Every fan I know who understands what this lockout has been about has mentioned something to that effect. It’s not the system, but the people using it that are the issue. No hard cap can rectify the fact you took Hasheem Thabeet 2nd overall. No hard cap can rectify your desire to satisfy Dwight Howard by increasing the talent around him. (And for all the crap Rashard Lewis takes, he was arguably the 2nd best player–or 3rd best player–on a team that went to the Finals and Eastern Conference Finals back to back years. Overpaid? Yeah, he was. So badly that he’s in the same group as Gilbert Arenas and Eddy Curry? Not even close.) No hard cap can rectify not understanding that kissing a douchebag’s ass repeatedly is not necessarily going to equate to LeBron James resigning in Cleveland. (Which Bron Bronze should have done. But I digress.)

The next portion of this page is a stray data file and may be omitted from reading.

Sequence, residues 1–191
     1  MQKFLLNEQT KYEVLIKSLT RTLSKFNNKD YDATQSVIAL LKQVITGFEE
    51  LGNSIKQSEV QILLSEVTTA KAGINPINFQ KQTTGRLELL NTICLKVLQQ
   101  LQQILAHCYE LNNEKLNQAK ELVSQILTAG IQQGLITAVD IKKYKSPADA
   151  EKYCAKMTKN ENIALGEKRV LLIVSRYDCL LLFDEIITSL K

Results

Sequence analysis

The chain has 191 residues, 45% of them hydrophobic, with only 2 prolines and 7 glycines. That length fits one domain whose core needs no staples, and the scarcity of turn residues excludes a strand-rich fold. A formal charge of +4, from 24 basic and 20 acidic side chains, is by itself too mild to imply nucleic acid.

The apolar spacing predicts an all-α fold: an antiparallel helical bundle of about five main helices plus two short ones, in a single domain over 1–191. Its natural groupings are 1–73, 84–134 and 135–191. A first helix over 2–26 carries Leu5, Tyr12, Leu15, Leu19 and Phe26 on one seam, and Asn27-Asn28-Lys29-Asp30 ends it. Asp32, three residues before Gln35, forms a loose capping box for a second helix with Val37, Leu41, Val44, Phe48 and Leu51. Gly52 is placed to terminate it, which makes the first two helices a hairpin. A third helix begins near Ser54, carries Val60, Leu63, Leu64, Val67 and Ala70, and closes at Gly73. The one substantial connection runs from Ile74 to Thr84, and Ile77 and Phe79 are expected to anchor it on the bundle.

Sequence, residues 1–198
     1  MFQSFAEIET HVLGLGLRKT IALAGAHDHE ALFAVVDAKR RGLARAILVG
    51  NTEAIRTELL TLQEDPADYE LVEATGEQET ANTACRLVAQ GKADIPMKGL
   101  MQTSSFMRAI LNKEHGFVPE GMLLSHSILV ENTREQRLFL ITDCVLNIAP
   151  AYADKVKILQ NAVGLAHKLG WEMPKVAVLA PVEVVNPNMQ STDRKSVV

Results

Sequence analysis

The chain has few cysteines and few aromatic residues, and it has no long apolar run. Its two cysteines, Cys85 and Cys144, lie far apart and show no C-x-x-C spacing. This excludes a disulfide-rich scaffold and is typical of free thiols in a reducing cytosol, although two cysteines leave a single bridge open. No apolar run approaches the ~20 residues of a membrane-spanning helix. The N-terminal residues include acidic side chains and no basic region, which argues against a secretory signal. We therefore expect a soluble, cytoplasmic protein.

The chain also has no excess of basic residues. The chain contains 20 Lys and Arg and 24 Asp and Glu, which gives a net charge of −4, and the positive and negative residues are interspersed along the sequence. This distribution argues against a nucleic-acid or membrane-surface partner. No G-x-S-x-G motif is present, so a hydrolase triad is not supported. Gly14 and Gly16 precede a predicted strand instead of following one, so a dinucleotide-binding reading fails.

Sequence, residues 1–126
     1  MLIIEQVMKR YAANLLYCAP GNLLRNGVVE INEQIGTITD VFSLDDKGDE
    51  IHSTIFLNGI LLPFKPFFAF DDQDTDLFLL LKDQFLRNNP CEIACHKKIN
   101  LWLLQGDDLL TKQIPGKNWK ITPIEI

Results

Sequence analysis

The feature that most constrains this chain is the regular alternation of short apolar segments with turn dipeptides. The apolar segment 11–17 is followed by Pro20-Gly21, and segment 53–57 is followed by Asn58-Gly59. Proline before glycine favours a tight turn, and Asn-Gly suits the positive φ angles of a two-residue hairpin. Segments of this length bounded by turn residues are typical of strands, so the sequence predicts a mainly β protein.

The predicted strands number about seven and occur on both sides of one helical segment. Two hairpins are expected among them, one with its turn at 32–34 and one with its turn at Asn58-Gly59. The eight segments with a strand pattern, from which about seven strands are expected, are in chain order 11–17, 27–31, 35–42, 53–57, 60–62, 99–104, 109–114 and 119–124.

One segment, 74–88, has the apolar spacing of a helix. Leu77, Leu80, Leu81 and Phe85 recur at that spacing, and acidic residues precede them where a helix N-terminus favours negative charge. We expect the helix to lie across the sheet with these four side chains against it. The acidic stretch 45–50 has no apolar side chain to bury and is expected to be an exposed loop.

No, this lockout (we know what it’s about from the owners end) is about fans intellectual conceit who believe the NBA is structurally flawed (even though it’s not) and believe that a financial system can rectify the ills that “ail” the sport. Eh, not likely. The NBA in it’s current format has been always a league that is driven by having that unreplacable superstar level player you can build your roster around. The NBA is a 5 man 2-way game that requires 5 players complementing each other on 2 ends of the court. No other sport comes close to having that requirement and thus, that all important coveted superstar, players matter so much more. The NBA is a game of balancing the individual with the team construct of support to make that individual appear more effective. Got that?